Fitzgerald losing its no-parking signs

Fitzgerald Avenue residents will be able to park in front of their homes again.

Larry Jangula

Fitzgerald Avenue residents will be able to park in front of their homes again.

Courtenay council voted Monday to remove the no-parking signs on Fitzgerald between 17th and 26th streets — which were set up temporarily during Cliffe Avenue construction — after receiving a petition signed by 93 Fitzgerald Avenue residents asking the city to take down the signs and let them park in front of their houses.

Residents filled most of the council chambers and clapped when council made its decision.

Coun. Larry Jangula strongly supported the residents.

“I’ve had quite a bit of discussion with these people, and I’ve found them to be very professional and very respectful,” he said. “I think that their concerns are well-taken. We’re beyond the completion of the construction on Cliffe Avenue, and there’s still no-parking signs up there, and I don’t think that’s fair to them. The people especially who are on the west side don’t even have a back alley entrance to their property.”

Jangula brought up three other issues the residents have raised — they want a pedestrian-controlled crosswalk at 19th and Fitzgerald, they want another crosswalk at 23rd, and they would like a sidewalk on the west side.

“I certainly strongly support all of them,” he said. “I think they’re reasonable requests, and they’re not requests that are going to cost a huge amount of money.”

Administrator Sandy Gray told council the no-parking signs could be taken down immediately,

“The issue about this particular roadway and the temporary signs, from my point of view, I’ve made it abundantly clear those signs were to come down as soon as the Cliffe Avenue work is finished,” he said, noting the work was completed last week or just before.

There has been some confusion, as a staff report is scheduled to come before council in a few weeks that looks at eliminating parking on the street to make way for a bike lane, explained Gray.

“The issue of a bike lane has sidetracked this issue, but there’s absolutely nothing in my mind that would stop you from taking the signs down,” he said. “There’s been parking on that street since the beginning of time, and bikes have been able to use it since the beginning of time; the only issue right now is how to create a bike lane and the matter of public safety on the streets.”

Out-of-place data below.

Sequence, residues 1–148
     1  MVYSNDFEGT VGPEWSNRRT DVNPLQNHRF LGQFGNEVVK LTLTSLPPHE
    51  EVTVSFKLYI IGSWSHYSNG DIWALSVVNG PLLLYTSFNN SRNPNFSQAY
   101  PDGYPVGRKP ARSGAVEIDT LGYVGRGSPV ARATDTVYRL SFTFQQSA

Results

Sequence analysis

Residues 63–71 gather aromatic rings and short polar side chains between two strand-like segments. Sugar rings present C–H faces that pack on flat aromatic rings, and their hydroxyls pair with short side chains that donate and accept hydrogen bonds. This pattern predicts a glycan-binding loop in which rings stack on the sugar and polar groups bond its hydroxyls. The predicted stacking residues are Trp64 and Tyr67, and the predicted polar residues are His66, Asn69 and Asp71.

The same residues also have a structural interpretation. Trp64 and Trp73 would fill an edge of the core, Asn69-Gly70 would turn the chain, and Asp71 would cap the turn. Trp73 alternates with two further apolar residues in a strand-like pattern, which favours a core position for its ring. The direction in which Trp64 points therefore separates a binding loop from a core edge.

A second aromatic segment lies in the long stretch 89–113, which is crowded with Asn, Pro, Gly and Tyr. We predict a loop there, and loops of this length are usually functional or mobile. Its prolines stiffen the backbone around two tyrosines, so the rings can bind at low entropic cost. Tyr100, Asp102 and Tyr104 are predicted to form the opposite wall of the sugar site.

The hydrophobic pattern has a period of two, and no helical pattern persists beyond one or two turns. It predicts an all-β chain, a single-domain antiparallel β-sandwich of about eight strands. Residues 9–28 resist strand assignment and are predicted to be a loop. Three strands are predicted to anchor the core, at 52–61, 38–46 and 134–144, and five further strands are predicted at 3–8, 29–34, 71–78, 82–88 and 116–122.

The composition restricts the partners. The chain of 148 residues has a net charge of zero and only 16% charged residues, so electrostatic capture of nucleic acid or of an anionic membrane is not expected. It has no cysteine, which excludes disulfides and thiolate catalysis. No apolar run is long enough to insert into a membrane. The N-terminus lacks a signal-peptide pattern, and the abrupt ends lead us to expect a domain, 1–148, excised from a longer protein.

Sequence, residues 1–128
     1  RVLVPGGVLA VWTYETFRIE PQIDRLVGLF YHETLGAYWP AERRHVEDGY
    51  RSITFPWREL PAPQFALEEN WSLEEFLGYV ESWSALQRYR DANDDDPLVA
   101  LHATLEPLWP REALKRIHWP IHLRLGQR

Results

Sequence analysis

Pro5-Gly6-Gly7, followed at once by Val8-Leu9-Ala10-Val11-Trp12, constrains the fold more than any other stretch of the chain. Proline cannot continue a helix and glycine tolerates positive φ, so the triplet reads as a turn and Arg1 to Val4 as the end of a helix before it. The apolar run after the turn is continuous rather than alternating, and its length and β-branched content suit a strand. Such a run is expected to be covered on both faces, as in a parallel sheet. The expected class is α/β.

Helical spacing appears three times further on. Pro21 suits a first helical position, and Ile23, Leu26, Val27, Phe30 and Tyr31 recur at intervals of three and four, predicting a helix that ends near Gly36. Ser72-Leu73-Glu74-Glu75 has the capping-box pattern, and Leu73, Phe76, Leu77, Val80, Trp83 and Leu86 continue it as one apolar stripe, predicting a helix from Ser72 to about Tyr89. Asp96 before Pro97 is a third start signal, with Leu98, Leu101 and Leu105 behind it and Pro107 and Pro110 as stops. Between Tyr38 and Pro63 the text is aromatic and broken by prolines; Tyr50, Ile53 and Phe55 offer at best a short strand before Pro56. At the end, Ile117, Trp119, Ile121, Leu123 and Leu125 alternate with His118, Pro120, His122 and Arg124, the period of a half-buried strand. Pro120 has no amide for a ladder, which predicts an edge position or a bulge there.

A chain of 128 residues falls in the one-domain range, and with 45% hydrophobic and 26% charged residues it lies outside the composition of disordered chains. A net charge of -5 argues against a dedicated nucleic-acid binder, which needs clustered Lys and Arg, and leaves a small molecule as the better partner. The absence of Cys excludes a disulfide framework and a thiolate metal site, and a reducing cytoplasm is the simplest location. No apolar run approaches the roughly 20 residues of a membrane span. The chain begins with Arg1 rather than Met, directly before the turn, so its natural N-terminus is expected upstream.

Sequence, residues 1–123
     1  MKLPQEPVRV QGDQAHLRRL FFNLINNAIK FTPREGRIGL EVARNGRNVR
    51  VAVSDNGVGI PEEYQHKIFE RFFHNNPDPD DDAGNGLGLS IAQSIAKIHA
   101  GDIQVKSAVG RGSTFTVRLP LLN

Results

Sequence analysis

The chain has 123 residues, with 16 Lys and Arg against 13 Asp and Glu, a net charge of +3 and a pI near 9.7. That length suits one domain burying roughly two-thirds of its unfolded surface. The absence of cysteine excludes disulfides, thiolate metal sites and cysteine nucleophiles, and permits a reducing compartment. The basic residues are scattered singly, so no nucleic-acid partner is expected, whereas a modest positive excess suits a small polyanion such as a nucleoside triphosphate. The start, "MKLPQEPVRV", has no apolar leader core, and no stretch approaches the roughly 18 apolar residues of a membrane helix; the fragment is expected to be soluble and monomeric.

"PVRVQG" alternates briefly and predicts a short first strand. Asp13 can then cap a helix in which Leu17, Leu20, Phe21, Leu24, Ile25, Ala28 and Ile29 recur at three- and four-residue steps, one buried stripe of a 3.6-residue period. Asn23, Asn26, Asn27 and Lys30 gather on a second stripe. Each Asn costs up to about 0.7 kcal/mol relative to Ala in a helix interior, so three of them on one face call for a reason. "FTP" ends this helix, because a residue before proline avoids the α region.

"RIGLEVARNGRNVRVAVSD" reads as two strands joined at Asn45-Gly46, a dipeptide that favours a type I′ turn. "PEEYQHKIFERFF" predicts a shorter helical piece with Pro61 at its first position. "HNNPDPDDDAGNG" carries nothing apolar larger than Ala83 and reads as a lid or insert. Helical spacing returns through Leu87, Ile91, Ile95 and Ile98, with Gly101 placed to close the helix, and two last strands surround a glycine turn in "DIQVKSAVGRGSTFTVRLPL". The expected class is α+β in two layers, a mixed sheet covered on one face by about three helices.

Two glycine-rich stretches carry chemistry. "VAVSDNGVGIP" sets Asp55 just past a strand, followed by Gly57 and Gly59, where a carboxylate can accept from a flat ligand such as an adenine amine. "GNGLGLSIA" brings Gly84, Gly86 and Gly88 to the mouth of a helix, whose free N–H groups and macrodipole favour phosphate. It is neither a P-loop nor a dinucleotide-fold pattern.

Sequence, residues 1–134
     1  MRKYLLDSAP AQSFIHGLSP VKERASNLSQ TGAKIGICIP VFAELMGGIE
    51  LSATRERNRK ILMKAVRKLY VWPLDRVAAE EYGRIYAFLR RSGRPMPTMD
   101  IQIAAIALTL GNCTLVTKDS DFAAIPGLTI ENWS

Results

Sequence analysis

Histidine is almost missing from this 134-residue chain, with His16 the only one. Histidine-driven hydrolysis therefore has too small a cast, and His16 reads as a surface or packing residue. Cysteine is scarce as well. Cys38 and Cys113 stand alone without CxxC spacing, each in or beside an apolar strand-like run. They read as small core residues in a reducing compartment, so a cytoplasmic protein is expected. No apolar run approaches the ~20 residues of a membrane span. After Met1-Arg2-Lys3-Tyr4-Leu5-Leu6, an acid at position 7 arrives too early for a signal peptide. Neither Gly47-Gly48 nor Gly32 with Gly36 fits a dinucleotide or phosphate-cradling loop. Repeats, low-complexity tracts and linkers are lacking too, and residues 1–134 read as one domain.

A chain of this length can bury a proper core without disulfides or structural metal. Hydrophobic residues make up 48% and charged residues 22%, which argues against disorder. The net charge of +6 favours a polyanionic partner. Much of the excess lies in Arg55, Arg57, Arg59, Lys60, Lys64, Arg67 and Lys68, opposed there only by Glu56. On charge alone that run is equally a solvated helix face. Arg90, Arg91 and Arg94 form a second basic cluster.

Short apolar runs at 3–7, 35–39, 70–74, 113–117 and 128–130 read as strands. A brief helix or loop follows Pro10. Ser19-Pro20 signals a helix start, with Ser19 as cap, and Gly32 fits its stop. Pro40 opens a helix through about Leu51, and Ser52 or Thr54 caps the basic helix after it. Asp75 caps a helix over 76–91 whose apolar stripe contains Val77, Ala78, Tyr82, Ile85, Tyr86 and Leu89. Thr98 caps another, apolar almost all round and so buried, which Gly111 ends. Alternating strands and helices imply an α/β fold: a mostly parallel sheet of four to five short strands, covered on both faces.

These homes have been there for probably more than 30 or 40 years, noted Coun. Manno Theos.

Theos also raised what he sees as safety benefits of having cars parked on the road.

“I drive that street pretty regularly, and from my perspective, having cars parked on the side of the road actually slows down traffic and creates traffic safety, because without cars on the side there, people are trying to squeeze into both lanes as they’re approaching 17th Street, and it becomes a real dangerous situation,” he said. “With a lot of families and older people living in that area, I think we should really revisit this and see what kinds of solutions we can come up with.”

Just Posted

B.C. declares state of emergency as more than 560 wildfires rage

This is only the fourth state of emergency ever issued during a fire season

More than 22,000 blood donors needed

Canadian Blood Services is urging Canadians to help meet patients’ needs this… Continue reading

Kiyoshi Kosky running for Courtenay City Council

I am Kiyoshi Kosky and am running in the upcoming Courtenay Municipal… Continue reading

Courtenay Volunteer Fire Department to hold Tour de Rock fundraiser

On Sunday, Aug. 19, the Courtenay Volunteer Fire Department will be having… Continue reading

Trevor’s trust fund supports restorative project in Courtenay

Ashwell family donates $10,000 to Kus-kus-sum

Average Canadian family spends 43% of income on taxes: study

Fraser Institute’s consumer report shows taxes accounting for larger chunk of income each year

B.C. not prepared for a Humboldt Broncos bus crash, group says

An air ambulance advocacy group wants an overhaul of B.C.’s emergency medical system in rural regions

Liberals look at creating federal holiday to mark legacy of residential schools

AFN National Chief Perry Bellegarde said day to recognize painful legacy would boost understanding

Mounties deployed to help B.C. communities affected by wildfires

RCMP officers heading to places particularly within central, northern and southern B.C.

Interim GoFundMe payments approved in Humboldt Broncos crash

$50,000 to be given to each of the 13 survivors and each family of the 16 people who died

B.C. gangster charged after man allegedly beaten with a golf club

Langley man facing aggravated assault charge after incident allegedly involved golf club and machete

442 Squadron medevacs injured fisherman at Graham Island

442 Squadron medevacs injured fisherman at Graham Island

Are you Canada’s next Masterchef?

Home cooks looking to follow their cuisine dreams can apply now.

Regional climate adaptation agriculture testing to expand in B.C.

Ottawa funds farm projects to conserve water, remove invasive species

Most Read